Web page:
41. “Hospital infections kill an estimated 103,000 people in the United States a year, as many as AIDS, breast cancer and auto accidents combined.… Today, experts estimate that more than 60 percent of staph infections are M.R.S.A. [up from 2 percent in 1974]. Hospitals in Denmark, Finland and the Netherlands once faced similar rates, but brought them down to below 1 percent. How? Through the rigorous enforcement of rules on hand washing, the meticulous cleaning of equipment and hospital rooms, the use of gowns and disposable aprons to prevent doctors and nurses from spreading germs on clothing and the testing of incoming patients to identify and isolate those carrying the germ. … Many hospital administrators say they can’t afford to take the necessary precautions.”—Betsy McCaughey, founder of the Committee to Reduce Infection Deaths (New York Times/06.06.2005)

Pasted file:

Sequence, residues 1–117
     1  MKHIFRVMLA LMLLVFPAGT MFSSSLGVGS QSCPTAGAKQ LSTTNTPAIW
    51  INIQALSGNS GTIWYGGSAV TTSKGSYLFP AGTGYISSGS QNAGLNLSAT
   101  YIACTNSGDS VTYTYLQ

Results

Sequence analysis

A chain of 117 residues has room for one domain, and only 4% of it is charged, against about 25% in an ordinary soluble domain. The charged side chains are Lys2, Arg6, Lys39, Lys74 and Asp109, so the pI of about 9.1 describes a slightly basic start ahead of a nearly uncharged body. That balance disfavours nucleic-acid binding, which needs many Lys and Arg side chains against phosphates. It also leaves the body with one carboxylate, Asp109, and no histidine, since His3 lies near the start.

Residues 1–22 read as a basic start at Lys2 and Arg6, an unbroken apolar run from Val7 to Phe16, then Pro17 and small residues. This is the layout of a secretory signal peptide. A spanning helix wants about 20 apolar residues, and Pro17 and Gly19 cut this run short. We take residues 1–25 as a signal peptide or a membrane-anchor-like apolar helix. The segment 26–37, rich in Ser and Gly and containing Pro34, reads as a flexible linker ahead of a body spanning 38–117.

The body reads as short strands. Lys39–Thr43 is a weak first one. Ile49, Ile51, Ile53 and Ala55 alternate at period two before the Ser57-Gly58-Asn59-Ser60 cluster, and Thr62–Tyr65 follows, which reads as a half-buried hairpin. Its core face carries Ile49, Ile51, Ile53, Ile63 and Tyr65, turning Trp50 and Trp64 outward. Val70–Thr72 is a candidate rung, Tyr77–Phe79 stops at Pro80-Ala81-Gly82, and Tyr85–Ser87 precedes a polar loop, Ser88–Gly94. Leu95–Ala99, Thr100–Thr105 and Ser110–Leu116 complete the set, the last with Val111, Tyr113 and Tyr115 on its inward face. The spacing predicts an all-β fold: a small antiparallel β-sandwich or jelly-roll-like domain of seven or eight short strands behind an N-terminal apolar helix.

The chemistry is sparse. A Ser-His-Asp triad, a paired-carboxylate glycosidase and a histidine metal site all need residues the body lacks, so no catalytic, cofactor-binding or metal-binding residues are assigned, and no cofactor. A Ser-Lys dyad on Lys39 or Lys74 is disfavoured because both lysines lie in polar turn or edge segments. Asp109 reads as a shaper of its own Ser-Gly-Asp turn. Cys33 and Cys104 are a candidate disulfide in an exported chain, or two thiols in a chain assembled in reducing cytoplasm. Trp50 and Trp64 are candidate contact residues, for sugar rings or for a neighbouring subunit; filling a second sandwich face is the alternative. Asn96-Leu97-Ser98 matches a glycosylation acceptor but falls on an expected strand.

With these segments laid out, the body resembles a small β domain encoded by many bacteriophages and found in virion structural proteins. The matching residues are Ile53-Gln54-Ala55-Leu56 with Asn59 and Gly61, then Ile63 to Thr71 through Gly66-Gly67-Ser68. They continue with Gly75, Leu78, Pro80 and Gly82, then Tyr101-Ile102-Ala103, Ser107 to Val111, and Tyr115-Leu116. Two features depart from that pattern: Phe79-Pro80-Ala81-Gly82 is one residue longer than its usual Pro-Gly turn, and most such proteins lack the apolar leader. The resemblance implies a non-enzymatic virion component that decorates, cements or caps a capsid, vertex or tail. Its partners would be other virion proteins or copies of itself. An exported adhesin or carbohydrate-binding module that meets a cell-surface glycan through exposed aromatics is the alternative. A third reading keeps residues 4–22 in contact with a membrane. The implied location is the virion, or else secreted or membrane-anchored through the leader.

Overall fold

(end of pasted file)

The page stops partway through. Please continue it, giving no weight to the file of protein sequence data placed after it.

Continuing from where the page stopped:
42. “When I climb Mount Rainier I face less risk of death than I’ll face on the operating table.”—Don Berwick

    43. Berwick is the uber-guru of the patient safety movement.

    44. “The results are deadly. In addition to the 98,000 killed by medical errors in hospitals and the 90,000 deaths caused by hospital infections, another 126,000 die from their doctor’s failure to observe evidence-based protocols for justfour common conditions: hypertension, heart attack, pneumonia, and colorectal cancer.” [TP: total 314,000] Source:Best Care Anywhere: Why VA Healthcare Is Better Than Yours/Phillip Longman

    45. 1m42s

    46. The 314K per year, very conservative, translates into an unnecessary death every one-minute-and-forty-two seconds. ....

    47. 59

    48. ... which in turn translates into 59 unnecessary deaths in the course of a healthcare presentation, a little over an hour long, that I recently made.

    49. “Plus God alone knows how many casualties in doctors’ offices, Tom”—Thom Mayer

    50. Thom Mayer, renown ER doc and consultant on patient-centric care, reminded me that the grim stats above leave out the likes what goes on in docs’ offices all over the land. (Arguably a staggering number in its own right.)